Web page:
I’m Still Bullish, But There Are A Few Warning Signs to Watch
My last quarterly letter to you listed “10 Reasons to be Bullish on Common Stocks”.
And, sure enough, we had a very nice rally in the fourth quarter, with the S&P climbing more than +10%.
So you would think at time when one of my predictions came true (believe me, there have been plenty of other times when I haven’t fared so well), I find myself a little uneasy about certain aspects of the recent stock market move.
Some of the same factors that lead me to be bullish in September are still in place, i.e. the fundamentals still support stocks. Here are just a few bullish signs:
- Fed policy remains accomodative;
- The recent tax legislation from Washington is really just another fiscal stimulus package that should boost economic growth;
- The third year of a Presidential cycle is historically good for stocks;
- Corporations remain flush with cash (nearly $2 trillion) that could be used for M&A activity;
- Competing investment alternatives – money market funds and short maturity bonds – still are offering very little yield.
With valuations still reasonable relative to historic levels, stocks should continue to play an important role in most investors’ portfolios.
My concern, I think, is really more that the consensus view on the market has now shifted 180 degrees. Where most were bearish at the end of last summer, now most seem to be bullish.
For example, there is not a single Wall Street strategist calling for a down market in 2011. Not one. Individuals seem to be returning to the stock market as well – flows into domestic equity funds have turned positive for the first time in a number of months.
I could go on but I hope you get my point. The fundamentals for stocks look just fine, but bullish sentiment seems to be too prevalent. The current market offers opportunities, but primarily in those sectors that have lagged the broader market averages.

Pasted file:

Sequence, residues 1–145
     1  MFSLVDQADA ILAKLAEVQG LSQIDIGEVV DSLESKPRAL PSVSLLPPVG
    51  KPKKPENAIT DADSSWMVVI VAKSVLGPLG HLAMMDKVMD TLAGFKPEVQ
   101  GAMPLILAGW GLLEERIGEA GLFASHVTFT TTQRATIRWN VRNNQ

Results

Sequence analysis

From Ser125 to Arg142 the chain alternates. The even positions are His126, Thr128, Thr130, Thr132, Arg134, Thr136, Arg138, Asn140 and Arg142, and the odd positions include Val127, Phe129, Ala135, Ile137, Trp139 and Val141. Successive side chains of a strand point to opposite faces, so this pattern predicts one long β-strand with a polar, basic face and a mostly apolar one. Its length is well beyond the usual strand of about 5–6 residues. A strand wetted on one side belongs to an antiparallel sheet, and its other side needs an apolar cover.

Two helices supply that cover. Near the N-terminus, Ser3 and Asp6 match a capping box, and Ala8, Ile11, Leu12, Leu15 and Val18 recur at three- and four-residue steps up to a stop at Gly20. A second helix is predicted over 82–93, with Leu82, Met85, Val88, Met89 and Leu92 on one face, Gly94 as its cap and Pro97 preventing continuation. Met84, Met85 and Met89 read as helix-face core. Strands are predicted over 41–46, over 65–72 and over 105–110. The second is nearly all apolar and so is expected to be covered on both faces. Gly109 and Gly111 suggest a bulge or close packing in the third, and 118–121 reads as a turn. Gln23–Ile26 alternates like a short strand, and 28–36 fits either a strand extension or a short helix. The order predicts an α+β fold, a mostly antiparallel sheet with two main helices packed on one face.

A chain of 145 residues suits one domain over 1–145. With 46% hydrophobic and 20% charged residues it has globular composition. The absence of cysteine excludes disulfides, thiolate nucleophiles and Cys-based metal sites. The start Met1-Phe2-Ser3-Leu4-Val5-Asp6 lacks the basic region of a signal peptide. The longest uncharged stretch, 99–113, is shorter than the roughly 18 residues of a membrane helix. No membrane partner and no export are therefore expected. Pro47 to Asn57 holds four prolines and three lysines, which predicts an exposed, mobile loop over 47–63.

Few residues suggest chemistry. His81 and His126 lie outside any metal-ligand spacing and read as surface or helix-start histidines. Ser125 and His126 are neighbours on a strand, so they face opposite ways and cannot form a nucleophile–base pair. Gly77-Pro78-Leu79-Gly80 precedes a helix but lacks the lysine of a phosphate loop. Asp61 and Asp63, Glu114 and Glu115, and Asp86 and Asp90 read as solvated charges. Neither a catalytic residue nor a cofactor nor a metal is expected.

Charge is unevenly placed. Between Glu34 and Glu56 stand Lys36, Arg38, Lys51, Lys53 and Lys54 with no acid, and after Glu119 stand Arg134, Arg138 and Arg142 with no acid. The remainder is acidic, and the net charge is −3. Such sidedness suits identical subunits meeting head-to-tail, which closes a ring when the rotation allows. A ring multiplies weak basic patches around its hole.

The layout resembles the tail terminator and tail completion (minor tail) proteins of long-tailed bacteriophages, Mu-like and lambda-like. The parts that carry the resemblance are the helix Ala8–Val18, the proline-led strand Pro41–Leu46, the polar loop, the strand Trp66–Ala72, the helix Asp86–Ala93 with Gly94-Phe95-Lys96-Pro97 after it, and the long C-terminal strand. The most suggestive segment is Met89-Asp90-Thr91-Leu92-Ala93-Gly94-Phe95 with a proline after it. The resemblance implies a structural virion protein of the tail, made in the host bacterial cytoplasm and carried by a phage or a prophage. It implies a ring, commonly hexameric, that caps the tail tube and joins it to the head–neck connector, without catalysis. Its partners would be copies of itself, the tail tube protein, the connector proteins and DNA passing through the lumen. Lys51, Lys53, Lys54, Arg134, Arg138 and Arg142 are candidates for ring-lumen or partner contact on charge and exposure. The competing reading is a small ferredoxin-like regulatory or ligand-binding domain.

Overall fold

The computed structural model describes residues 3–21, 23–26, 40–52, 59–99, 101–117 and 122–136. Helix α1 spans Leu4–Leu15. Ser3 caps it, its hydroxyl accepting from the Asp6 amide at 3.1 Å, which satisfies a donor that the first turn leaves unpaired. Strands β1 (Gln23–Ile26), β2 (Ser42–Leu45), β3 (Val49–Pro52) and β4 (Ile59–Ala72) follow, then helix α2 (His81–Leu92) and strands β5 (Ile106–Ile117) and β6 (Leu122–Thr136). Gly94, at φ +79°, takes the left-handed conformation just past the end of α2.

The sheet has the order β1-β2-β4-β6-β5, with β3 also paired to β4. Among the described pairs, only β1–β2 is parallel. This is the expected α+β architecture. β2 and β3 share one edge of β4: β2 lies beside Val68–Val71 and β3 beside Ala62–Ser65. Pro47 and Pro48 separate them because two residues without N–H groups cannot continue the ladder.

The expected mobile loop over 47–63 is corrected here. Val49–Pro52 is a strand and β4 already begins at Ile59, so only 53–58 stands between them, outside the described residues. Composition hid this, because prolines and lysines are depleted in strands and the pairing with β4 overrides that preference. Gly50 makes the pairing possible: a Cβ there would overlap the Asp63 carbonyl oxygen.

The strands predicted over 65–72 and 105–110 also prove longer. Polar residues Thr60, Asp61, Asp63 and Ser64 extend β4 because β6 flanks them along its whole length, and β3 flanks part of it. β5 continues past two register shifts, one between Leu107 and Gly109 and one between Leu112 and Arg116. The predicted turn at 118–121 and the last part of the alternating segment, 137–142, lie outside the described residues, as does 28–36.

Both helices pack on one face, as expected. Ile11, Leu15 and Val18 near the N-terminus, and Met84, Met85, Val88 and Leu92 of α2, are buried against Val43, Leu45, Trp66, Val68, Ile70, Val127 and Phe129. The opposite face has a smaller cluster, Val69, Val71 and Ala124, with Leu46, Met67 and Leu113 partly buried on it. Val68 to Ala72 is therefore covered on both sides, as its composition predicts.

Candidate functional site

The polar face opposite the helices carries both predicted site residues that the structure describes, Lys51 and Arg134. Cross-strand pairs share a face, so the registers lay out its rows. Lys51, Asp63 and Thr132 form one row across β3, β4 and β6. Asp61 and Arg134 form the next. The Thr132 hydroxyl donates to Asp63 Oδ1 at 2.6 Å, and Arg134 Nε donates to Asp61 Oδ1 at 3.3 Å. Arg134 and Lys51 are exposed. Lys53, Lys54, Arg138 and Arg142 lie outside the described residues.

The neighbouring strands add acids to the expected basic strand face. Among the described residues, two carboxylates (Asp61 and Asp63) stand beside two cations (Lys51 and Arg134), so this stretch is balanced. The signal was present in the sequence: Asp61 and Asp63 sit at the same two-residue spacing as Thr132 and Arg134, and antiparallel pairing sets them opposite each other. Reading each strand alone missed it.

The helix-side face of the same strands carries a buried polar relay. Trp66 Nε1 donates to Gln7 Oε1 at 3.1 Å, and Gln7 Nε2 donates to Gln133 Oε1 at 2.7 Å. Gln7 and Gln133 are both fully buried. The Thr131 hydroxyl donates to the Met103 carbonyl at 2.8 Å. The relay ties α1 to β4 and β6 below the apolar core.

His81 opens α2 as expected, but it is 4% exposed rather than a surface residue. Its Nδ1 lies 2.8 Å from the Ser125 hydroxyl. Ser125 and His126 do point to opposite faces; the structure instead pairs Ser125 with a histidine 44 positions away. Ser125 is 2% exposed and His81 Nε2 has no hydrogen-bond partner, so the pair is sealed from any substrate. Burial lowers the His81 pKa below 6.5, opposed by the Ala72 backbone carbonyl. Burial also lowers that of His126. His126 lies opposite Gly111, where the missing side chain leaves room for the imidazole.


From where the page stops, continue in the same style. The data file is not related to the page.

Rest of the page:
For example, large cap stocks offer reasonable valuations and in many cases attractive dividend yields. Names like Colgate; Procter & Gamble; Exxon; and IBM may not create excitement at your next cocktail party but they’re probably going to make you good money this year.
International stocks lagged U.S. stocks last year but growth prospects in many countries outside our borders are better than ours. Besides the emerging markets – whose biggest problems seem to be that growth has been too robust – some European countries also seem to be doing well, especially Germany. Now is the time to be thinking about adding to international exposure, in my opinion.
Turning to the bond market, I would ignore the nay-sayers and consider adding to intermediate maturity paper, especially in the municipal market. Space doesn’t allow me to go through all of my bond thoughts (please see my blog for more details: http://randomglenings.blogspot.com/) but sufficient to say I think bonds will continue to play an important role for balanced accounts.
Finally, away from the markets, the most recently passed tax package from Washington contains a number of important tax elements, especially with regards to estate tax planning. We have some expertise in this area, so please feel free to let me know if you would like to set up a meeting with one of our wealth management folks.
With best wishes for the new year,